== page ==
Over £100 billion worth of sales in UK retail all happened via digital channels last year.
Reported by IMRG and Capgemini, online sales figures surpassed the hundred billion pound mark for the first time last year in an upward trend that’s set to continue. Forecasts suggest a further 15% uplift in 2015, meaning online sales will account for over £116 billion.
For every retailer that’s investing successfully in online commerce, there’s another which is yet to see a real return, or which hasn’t invested at all, resulting in an emerging trend for retailers picking sides in an ecommerce vs bricks-and-mortar battle that inevitably sees both sides missing out on opportunities and custom.
The opportunities are huge, but the path to success is, as yet, unclear - or so it seems. Here, we explore the state of ecommerce today, who’s doing it well, and what retailers really need to do to succeed online.
The State of Ecommerce in 2015
Ecommerce has come a long way since the early days of electronic data interchange (EDI) and today’s consumer can buy almost anything online, from shoes to cars to luxury holidays.
Businesses which do well in ecommerce are investing in creating great content on their site and seamless user interfaces which make the purchasing journey as easy as possible. This is really the foundation of ecommerce success; websites which work well will always outperform those which don’t.
And it’s not just the final purchase that’s being made online. Savvy retailers recognise that customer don’t just shop online; they research their buying decisions online too. There are huge gains to be made by those retailers who can create a seamless online/offline integration which enables their websites users to identify the products that suit them best through research and purchase them in whatever way they choose, be it online or off.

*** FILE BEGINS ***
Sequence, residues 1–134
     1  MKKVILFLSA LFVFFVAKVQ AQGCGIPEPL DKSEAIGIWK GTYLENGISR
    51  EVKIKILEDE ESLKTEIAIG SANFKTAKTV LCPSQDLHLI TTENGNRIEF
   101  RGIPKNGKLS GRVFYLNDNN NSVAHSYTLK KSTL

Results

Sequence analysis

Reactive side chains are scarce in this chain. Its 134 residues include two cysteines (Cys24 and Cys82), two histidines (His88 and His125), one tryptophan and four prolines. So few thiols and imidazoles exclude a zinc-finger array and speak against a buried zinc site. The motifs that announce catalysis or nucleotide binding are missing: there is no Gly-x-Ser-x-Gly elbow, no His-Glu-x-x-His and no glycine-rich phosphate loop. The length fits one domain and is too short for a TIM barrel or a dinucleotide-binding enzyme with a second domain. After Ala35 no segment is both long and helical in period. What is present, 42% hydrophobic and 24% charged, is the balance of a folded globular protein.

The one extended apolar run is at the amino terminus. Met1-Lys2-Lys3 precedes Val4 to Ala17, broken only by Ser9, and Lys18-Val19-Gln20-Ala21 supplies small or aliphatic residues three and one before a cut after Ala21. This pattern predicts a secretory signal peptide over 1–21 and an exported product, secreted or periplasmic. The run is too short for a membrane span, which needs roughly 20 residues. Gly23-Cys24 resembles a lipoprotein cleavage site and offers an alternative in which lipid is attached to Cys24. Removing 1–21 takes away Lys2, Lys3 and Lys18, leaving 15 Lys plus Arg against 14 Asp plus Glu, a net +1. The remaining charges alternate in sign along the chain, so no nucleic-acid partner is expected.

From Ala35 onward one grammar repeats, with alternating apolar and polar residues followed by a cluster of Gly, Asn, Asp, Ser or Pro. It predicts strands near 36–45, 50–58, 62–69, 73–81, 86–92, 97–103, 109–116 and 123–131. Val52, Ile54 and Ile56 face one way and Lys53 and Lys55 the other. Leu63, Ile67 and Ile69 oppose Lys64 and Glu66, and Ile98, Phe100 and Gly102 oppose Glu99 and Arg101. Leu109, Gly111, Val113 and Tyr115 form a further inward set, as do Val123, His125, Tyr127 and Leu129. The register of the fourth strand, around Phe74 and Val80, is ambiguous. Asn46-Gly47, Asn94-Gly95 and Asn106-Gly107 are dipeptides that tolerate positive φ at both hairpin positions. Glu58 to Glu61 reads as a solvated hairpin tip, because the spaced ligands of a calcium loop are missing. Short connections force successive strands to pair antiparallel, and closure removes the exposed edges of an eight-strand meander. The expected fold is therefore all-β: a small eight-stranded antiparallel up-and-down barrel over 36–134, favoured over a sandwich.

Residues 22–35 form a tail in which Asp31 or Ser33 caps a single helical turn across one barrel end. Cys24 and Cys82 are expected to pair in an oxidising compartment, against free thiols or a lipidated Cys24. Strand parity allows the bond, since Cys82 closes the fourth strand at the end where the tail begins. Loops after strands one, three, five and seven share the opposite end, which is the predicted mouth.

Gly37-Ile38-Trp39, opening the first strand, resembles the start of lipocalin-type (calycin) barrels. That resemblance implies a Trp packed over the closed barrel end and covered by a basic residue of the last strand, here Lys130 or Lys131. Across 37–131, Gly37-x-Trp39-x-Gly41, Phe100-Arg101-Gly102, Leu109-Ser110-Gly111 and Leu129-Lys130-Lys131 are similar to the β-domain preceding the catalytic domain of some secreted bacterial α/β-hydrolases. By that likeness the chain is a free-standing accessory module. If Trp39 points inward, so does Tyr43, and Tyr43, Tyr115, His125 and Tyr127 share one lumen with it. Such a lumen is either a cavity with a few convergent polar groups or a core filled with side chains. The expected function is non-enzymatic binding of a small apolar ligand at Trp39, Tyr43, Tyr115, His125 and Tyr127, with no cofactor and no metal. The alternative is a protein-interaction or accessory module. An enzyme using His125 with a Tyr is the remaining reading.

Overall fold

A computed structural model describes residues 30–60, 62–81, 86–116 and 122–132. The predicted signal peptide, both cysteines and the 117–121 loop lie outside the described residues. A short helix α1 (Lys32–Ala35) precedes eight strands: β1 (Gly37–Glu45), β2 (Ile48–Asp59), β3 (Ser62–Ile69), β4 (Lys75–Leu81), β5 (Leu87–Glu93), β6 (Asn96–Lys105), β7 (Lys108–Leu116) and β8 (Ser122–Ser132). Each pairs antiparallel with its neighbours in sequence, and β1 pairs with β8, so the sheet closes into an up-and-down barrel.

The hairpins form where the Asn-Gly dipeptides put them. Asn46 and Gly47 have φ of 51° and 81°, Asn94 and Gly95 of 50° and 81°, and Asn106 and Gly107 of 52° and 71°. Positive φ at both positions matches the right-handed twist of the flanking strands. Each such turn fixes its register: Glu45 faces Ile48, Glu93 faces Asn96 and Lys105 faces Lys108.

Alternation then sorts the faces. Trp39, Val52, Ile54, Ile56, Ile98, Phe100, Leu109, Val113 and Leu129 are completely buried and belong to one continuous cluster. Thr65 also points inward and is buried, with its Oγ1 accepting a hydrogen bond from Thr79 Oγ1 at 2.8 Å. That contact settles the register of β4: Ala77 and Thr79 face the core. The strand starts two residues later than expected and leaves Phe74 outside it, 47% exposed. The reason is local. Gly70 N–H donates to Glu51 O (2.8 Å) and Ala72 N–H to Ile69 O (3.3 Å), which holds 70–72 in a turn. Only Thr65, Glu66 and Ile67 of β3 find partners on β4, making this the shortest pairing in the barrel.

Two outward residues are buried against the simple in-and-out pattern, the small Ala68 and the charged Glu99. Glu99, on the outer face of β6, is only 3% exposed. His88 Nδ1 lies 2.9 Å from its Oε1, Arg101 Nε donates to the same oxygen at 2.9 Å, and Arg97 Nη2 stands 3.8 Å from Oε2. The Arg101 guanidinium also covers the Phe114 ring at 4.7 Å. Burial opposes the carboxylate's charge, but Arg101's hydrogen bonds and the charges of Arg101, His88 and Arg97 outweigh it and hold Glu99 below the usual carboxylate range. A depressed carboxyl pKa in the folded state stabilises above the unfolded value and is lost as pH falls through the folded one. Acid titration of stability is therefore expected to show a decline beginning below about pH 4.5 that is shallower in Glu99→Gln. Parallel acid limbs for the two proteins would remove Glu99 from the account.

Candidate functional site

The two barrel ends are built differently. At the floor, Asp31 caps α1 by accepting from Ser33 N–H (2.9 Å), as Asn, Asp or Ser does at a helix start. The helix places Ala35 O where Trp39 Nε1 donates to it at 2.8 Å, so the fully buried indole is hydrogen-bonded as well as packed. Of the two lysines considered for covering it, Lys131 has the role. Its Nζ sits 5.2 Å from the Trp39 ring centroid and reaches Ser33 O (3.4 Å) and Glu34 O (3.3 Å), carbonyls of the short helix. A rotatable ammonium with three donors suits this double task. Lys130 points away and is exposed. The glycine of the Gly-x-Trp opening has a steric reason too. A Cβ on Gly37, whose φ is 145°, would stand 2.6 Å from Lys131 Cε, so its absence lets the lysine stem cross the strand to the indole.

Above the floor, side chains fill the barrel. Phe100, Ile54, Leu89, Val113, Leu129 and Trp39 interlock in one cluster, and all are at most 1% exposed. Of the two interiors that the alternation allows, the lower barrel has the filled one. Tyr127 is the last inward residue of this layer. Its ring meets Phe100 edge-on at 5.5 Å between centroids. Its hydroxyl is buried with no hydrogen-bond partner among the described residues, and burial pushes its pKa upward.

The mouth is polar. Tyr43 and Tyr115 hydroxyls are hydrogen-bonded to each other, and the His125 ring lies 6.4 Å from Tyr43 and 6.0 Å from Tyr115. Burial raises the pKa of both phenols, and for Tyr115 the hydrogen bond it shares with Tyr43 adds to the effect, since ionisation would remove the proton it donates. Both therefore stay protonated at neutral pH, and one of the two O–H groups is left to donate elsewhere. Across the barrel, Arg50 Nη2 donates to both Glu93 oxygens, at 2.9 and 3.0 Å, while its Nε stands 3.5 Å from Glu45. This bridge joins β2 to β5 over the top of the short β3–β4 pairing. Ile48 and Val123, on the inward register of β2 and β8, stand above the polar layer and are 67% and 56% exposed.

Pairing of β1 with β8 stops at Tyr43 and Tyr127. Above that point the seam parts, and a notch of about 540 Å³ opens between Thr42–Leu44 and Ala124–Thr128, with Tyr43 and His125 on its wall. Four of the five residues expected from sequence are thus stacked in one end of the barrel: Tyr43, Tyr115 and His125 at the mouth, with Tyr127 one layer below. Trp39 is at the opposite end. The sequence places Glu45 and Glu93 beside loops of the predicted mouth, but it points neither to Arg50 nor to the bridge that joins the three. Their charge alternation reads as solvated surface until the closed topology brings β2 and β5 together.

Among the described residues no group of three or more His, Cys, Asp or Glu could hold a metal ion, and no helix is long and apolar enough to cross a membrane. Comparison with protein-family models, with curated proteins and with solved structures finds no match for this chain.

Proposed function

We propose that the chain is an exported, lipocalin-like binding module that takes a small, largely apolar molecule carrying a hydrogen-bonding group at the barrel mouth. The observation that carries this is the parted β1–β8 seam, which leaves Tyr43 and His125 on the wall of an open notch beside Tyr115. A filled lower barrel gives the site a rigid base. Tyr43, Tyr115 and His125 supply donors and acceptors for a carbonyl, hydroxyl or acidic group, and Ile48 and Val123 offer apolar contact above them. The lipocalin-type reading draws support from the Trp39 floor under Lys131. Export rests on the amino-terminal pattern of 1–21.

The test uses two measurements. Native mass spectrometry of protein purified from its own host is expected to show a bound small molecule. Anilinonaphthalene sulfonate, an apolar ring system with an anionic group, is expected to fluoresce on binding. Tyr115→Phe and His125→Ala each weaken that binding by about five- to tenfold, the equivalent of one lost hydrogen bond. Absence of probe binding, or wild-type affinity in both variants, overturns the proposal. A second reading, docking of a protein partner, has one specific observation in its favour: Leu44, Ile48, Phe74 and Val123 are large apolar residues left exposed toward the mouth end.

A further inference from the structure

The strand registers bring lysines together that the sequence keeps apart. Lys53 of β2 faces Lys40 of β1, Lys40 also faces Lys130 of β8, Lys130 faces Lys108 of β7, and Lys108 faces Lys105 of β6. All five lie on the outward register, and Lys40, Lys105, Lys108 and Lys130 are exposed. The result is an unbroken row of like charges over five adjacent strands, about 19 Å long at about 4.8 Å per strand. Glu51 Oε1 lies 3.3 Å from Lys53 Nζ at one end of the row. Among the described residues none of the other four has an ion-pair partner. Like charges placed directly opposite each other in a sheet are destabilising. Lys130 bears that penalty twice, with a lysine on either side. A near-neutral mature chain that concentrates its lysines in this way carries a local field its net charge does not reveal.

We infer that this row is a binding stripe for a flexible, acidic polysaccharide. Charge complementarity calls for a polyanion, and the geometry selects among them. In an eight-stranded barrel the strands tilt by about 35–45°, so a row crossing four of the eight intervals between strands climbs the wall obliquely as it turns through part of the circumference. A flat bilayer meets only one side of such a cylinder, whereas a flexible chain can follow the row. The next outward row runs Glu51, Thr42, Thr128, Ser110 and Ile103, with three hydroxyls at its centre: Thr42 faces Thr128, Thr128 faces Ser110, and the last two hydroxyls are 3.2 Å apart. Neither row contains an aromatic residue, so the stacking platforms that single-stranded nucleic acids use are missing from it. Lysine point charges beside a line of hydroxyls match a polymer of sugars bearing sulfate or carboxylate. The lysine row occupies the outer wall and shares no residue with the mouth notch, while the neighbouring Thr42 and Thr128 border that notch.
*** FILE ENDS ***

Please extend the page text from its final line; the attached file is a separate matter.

Who’s Doing It Well?
Food Retail: Amazon Fresh
Over 3% of all parcels delivered in the UK are Amazon fulfilments. The ecommerce giant recently announced a same day delivery service Pass My Parcel to strengthen their penetration of the home delivery market.
Amazon is a great example of ecommerce done well because the company has grown so substantially despite their lack of physical bricks-and-mortar stores. They focus exclusively on their online customers and invest heavily in improving the online experience, so retailers can learn a lot from their activities.
Amazon’s current focus is on the integration of offline channels and technologies into their online offering. The introduction of the Amazon Wand, a handy piece of tech which enables users to scan items they want to add to their basket to buy later, is an indicator of how the company is working toward becoming a shopping tool as much as it is a web platform.
Did you know, you can now collect your Amazon items from Amazon Lockers, placed around the country in convenient locations such as train stations? Again, the ecommerce giant is investing in creating a seamless online/offline experience that makes it as easy as possible for customers to buy from them.
Home Retail: Ikea
One of Britain’s largest homewares retailers, Ikea invests in technology to find new ways to improve the shopping experience for existing and new customers.
Their mobile app, first launched in 2013, integrates augmented reality (AR) so that users can visualise 3D versions of Ikea’s furniture in their homes. The intention is to enrich the catalogue experience and make shopping easier and more fun; it is not intended to replace the print edition, and this is a key element of their strategy. By using both online and offline tools, Ikea reaches a far wider audience than it would through just one channel.
The investment wasn’t a small one, with Ikea’s own website citing a £30 million spend on customer experience, both online and off. However, the 25% uplift in the online sales year on year from 2012 to 2013 was undoubtedly more than enough to justify their initial spend, emphasising the age-old ‘speculate to accumulate’ message.
Retail Outlet: Meadowhall Shopping Centre